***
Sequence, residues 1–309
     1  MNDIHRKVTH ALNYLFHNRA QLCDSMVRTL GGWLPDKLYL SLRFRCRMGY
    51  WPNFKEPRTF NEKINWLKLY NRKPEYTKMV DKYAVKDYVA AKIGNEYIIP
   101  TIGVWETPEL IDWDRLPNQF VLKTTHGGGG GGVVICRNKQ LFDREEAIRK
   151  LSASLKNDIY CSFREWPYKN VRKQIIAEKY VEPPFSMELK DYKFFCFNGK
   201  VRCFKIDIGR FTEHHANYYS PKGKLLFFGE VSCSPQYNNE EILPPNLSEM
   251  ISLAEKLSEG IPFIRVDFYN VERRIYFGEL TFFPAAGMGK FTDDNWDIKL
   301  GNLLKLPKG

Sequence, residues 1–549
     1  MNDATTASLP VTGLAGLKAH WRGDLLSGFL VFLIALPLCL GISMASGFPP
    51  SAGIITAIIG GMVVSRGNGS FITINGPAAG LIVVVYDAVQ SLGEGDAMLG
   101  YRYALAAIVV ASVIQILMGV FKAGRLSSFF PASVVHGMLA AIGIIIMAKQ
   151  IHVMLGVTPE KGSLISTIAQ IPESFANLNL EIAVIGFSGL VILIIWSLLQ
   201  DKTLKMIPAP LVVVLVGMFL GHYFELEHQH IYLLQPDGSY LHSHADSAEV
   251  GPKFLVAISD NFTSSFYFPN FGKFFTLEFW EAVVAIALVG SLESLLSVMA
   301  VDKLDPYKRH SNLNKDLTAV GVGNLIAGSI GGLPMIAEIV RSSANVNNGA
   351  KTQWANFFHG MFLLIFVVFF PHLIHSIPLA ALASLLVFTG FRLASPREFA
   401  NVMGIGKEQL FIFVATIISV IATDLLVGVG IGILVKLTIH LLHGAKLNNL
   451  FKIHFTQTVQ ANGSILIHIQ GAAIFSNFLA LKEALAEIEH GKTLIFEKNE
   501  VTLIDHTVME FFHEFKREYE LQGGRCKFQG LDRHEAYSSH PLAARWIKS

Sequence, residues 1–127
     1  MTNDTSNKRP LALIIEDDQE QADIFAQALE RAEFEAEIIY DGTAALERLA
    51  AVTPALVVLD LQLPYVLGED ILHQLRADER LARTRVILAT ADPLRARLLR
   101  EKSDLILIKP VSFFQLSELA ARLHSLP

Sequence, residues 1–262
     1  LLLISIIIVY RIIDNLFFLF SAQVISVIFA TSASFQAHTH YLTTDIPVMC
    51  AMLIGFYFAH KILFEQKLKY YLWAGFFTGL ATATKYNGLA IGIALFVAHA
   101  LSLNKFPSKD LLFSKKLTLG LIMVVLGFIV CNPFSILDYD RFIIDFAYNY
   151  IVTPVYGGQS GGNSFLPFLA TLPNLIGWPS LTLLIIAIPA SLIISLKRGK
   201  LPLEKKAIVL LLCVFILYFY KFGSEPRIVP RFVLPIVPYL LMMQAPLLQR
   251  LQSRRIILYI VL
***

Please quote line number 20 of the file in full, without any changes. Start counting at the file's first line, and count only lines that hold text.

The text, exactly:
   501  VTLIDHTVME FFHEFKREYE LQGGRCKFQG LDRHEAYSSH PLAARWIKS